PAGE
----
Arts In Schools
By: Cassidy Jones, Kelsey Gray, and ANgel Vizcaino
Data from College Entrance Examination Board shows that studets who take four years or more of art classes while in highschool score 100 points better on their SATs than those who dont.
A study showed that when a group of 60 adolecents, ages 13-17, participated in jazz and hiphop (or really any other type) of dance classes 2x a week for 10 weeks, they reported significant gains in confidence, tolerance, and persistence.
High school students who earned little to no arts credits were 5x more likely not to have graduated than those who did
Why don't people see the benefits of Arts?
- Helps with Cross-Cultural Understanding-
Arts experiences foster pro-social behaviors and social tolerance that help prepare students for life in an increasingly global and culturally diverse world. Ensemble performance, community mural painting, and other group arts experiences in which participants are from diverse backgrounds demonstrate particular value for developing crosscultural understanding
- Persistently high drop out rate (that reach 50% in some areas) are evidence that schools can no longer engage and motivate their students.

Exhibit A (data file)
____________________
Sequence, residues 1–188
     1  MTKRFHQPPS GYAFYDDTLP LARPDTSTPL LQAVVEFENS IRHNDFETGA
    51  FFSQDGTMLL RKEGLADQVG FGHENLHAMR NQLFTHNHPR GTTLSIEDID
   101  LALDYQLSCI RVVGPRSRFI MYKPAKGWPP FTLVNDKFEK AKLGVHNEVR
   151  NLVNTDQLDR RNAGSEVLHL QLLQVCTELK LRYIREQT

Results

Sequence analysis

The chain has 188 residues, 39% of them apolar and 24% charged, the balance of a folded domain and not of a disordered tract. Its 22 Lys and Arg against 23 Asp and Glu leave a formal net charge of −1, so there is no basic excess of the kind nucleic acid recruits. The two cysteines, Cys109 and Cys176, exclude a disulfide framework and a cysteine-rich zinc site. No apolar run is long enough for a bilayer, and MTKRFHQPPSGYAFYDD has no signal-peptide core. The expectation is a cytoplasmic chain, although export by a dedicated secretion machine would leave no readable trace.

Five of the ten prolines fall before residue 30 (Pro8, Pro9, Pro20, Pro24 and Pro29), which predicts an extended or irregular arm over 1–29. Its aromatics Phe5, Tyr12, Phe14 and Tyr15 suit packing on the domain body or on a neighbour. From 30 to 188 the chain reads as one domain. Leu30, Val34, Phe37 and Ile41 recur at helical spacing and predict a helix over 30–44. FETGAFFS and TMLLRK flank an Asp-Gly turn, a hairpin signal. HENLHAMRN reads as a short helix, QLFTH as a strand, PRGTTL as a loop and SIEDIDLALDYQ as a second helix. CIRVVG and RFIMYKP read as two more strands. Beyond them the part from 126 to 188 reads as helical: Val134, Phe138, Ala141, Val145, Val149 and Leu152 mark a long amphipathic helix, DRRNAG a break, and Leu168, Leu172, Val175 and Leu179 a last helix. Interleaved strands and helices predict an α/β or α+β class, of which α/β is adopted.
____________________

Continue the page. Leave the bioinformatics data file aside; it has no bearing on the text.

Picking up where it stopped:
- Researchers from the University of California have found that students with high arts involvement performed better in standardized tests and watch fewer hrs of tv and are more active within their community.
How to Add More Arts
- Before and After school Programs
- Many people cannot to the things they want because of money. The schools can sponsor fundraisers so that students can go without having to worry about money.
- The schools can set aside days for certain people with the right requirements, such as good grades, can go and spend part of the school days with the younger kids. This provides an incentive to work harder and provides fun for both older and younger students, as well as being academically beneficial.
- With the help of museums and theaters and other programs, schools would be able to do field trips and expose more people to the arts. This would give them the chance to learn about art while still getting away from the institutional feeling schools bring.
- Hirschfeld, Neal. "Teaching Cops to See." Smithsonian. N.p., n.d. Web. 03 Apr. 2014
- Education Testing Service, 2000)
- Additional support provided by: Members of the President’s Committee on the Arts and the Humanities; and the Stephen and Myrna Greenberg Philanthropic Fund of the Jewish Communal Fund, President’s Committee on the Arts And the humanities
- President's Committee on the Arts and Humanities (PCAH)
- Kinney, D. W., & Forsythe, J.L. (2005).
- Heath, S., & Wolf, S. (2005).